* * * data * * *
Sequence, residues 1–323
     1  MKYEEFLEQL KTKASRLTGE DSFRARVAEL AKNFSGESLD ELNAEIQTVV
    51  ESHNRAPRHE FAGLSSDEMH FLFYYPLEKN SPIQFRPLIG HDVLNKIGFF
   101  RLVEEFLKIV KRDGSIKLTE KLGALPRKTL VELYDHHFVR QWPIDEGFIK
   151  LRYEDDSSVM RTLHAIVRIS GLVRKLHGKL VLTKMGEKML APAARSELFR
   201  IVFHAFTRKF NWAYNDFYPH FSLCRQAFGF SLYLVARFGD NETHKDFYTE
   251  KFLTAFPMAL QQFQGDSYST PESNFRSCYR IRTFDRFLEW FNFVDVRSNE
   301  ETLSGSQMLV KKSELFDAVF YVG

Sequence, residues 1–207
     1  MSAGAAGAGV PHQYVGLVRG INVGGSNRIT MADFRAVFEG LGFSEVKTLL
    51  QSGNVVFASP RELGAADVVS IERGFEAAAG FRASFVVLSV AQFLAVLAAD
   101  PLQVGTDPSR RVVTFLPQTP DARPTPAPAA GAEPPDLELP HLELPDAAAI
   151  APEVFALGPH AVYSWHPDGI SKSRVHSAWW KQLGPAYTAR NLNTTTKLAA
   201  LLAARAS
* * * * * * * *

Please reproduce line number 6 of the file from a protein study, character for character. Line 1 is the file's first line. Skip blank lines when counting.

   201  IVFHAFTRKF NWAYNDFYPH FSLCRQAFGF SLYLVARFGD NETHKDFYTE